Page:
With that demythologizing (which resulted in the heart being reduced essentially to either a simple pump or a sentimentalized valentine), Western culture has placed almost total emphasis on the mind/brain. With the brain seen as the sole or essential governing organ of the human body and psyche, it was rather easy to shift from an emphasis on holistic, integrated learning to a focus on cognitive-based learning. This perceptual paradigm has dominated formal education in the West for over two centuries and currently exerts considerable influence in the schooling systems of the modernizing East and of neocolonial countries around the globe. Recent research in cardiology and neurobiology has uncovered some astonishing insights about the human heart and its place in physiological, psychological, and cognitive functioning. This article focuses on new scientific discoveries about the heart and the importance of a reintegration of the heartmind dynamic in teaching and learning. New Science and the Heart While many cultures and spiritual traditions throughout history have shared a regard for the heart as a source of wisdom and of positive emotions such as love, care, appreciation, and compassion, recent scientific discoveries suggest that these long-surviving associations may indeed be more than merely metaphorical. In particular, new understandings of the physiology of positive emotions and the key role played by the heart in the generation of emotional experience have exciting implications for holistic education. A New View of Emotion Research conducted throughout the past decade has challenged several longstanding assumptions about emotions. For example, psychologists once
ROBERT A. REES is Director of Education and Humanities at the Institute of HeartMath. For 25 years Rees taught literature at UCLA where he was also active in the arts and in innovative education. For years he has been active in humanitarian, interfaith, and peace coalitions and writes and speaks on issues relating to social justice. He can be reached at <>.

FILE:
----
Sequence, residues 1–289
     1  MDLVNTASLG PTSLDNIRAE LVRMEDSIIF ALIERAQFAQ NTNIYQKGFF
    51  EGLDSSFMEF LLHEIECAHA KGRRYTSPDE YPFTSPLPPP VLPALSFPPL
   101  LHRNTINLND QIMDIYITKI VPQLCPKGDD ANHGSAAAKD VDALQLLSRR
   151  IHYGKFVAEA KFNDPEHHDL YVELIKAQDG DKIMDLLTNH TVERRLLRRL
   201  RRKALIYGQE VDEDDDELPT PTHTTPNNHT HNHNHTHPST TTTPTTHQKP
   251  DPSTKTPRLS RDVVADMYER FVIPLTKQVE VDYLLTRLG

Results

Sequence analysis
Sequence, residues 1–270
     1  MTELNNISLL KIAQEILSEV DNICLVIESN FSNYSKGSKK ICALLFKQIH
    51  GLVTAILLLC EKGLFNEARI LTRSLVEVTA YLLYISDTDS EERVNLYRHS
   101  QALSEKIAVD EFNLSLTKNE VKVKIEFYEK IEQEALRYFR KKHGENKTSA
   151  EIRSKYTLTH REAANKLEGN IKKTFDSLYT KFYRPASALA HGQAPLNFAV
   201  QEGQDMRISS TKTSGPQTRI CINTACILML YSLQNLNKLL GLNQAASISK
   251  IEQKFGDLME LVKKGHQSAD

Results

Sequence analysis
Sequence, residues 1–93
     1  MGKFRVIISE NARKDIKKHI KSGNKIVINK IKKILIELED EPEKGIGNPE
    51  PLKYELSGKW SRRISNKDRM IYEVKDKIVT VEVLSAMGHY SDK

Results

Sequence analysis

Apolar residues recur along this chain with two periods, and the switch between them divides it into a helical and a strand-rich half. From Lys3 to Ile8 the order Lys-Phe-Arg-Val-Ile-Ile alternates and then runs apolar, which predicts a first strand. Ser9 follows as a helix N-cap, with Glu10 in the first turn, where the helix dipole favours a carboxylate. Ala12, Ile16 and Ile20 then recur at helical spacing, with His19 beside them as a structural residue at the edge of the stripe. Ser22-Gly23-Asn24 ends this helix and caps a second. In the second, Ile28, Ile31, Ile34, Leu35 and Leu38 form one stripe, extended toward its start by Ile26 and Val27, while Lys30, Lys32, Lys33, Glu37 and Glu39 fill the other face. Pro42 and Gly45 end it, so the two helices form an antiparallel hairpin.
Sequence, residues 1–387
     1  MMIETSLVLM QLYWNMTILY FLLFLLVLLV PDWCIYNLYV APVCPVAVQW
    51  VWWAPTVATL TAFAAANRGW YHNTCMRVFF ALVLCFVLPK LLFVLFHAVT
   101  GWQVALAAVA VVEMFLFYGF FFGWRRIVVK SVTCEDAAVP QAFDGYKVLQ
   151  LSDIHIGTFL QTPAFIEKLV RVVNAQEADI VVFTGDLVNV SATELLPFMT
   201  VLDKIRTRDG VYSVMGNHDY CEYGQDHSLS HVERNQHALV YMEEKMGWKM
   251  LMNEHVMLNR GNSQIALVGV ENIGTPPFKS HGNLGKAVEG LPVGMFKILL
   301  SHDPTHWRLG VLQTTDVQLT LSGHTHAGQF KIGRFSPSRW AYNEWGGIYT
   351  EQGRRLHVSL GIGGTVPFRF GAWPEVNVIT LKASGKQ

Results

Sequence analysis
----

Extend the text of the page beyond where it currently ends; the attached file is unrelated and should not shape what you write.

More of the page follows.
maintained that emotions were purely mental expressions generated by the brain alone. However, we now know that emotions have as much to do with the body as they do with the brain. Research has shown that neurological and hormonal signals flowing to the brain from many bodily organs and systems not only play a role in regulating physiological functions, but also influence higher brain centers involved in perception and emotional processing (Frysinger and Harper 1990; McCraty, forthcoming; Sandman, Walker, and Berka 1982; van der Molen, Somsen, and Orlebeke 1985). Furthermore, it appears that pertinent information is transmitted not only in the amplitude (strength or amount) of these bodily signals, but also in their rhythm and pattern (McCraty and Atkinson, forthcoming; Schofl, Prank, and Brabant 1995; Schoner and Kelso 1988; van der Molen, Somsen, and Orlebeke 1985) The Role of the Heart Although input originating from many different bodily organs and systems is involved in determining our emotional experience, recent research provides evidence that input from the heart may play a particularly important role (McCraty and Childre 2002; McCraty and Childre, in press; McCraty, forthcoming). As a primary and consistent generator of rhythmic information patterns in the human body, and possessing a far more extensive communication system with the brain than do other major organs, the heart exerts a unique and far-reaching influence on the brain and the entire body. It is now well-established that the heart is far more than a simple pump. It also functions as a hormonal gland, a sensory organ, and an information-encoding and -processing center, with an extensive intrinsic nervous system sufficiently sophisticated to qualify as a “heart brain.” Its neural circuitry effectively enables it to learn, remember, and make functional decisions independent of the cranial brain (Armour and Ardell